Below: Split’s city museum. Again, Venetian-style windows on the right which indicated a family’s wealth. You can also see a Rennaissance-style window (on the left) which came in style in the 16th century.
Below: One of the great attractions of Split is that people live within the palace walls. Everywhere you look you see signs of life.
Below: The Iron Gate (the Western Gate of the City) is our favorite. Massive, it has a small church with a beautiful Romanesque bell tower right above the door.
Below: Heading outside the Iron Gate brings you to a beautiful square nicknamed ‘Pjaca‘ by locals (Narodni Trg is the official name). It is our favorite place to come for a beer while watching people come and go.
The cellars of the palace have to be seen, especially if you are a Game of Thrones fan (Split has this excellent Game of Thrones Tour that you can book). The cellars are accessed from the southern gate (the Bronze Gate) which had direct access to the sea. They are vast and massive and in Diocletian’s time they were used for storage. Today the cellars house a lot of kiosques selling tourist stuff. It is the quickest way to get from the Peristyle (Main Square) to the Seaside promenade (Riva).
Below: exiting the Bronze Gate (the Southern gate) brings you right to the Riva. This is the place to hang out with the beautiful people and watch families in the early evening. Very trendy. Again, see how the modern is integrated into the ancient palace walls.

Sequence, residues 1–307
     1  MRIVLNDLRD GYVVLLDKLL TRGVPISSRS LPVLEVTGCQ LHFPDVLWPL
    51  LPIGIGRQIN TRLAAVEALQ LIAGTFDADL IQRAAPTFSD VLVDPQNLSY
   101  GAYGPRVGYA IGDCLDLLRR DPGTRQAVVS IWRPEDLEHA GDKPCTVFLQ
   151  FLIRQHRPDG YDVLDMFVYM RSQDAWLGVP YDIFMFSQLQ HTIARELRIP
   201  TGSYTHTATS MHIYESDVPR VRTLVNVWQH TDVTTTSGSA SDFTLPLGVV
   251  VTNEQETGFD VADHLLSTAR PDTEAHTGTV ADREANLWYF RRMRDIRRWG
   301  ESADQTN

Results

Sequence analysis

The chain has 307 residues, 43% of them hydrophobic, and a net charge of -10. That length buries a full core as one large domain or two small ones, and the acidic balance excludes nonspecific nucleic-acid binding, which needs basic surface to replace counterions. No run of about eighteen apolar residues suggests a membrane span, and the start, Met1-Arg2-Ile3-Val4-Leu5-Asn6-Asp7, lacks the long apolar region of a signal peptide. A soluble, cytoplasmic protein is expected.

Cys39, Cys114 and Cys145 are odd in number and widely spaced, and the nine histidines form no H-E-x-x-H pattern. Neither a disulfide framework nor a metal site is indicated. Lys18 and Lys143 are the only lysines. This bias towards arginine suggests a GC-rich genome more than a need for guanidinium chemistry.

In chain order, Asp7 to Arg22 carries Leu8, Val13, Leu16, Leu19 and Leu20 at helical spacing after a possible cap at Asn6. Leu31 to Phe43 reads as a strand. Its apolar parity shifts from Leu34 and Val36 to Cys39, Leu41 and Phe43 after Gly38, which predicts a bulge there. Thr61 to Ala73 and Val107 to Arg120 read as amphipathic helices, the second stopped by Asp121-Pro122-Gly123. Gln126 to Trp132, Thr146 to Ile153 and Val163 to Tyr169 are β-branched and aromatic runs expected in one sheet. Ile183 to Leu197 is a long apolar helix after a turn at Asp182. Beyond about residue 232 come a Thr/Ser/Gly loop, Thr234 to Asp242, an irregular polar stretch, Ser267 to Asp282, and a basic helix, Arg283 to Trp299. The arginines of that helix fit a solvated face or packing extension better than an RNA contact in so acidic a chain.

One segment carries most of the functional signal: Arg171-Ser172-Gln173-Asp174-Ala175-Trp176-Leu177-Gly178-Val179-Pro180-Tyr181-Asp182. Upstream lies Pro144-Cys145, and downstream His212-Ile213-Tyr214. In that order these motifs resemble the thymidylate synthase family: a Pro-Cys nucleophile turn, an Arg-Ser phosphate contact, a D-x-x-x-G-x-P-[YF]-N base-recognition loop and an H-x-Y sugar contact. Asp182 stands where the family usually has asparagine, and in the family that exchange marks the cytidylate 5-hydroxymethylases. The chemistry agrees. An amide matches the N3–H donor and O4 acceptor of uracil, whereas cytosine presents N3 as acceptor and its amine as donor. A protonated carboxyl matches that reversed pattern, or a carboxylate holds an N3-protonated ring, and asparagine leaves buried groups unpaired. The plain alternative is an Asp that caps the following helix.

Some practical information
– Diocletian’s Palace is not big. If you walked across it East – West or North – South you could probably go gate-to-gate within 3 minutes. But there are a huge jumble of little streets, all of which deserve to be explored. This post highlighted the historical attractions in the palace but I’ll have one coming up featuring all the beautiful little streets and alleys that make exploring Split so amazing.
– Residents say that tourists often come to them asking “where’s the palace?”. They answer “you’re in it”. Again, it’s a ‘living’ museum and people go about their lives in what was the palace. You can go into a bank and see within it a step or wall dating back to Roman times. Quite amazing.
– I very much recommend a 90 minute walking tour of Diocletian’s Palace. It’s what we did. They also have the Game of Thrones tour that I mention further above.
– While you can wander around and explore many of the above, some of the sites you have to pay for to gain access. It is worth getting the 45 Kuna (about 6 USD) ticket at the entrance of the Cathedral. This will give you access to 1) the Cathedral, 2) Bell Tower, 3) Crypt, 4) Treasury, and 5) Jupiter’s Temple. It shouldn’t take you more than 2 hours to do all that but it is worth it.
– There’s many other things of interest in Split. Have a look at my Split Guide.
Feel free to ask any questions, I’ll help you out best I can 🙂 . Thanks for reading!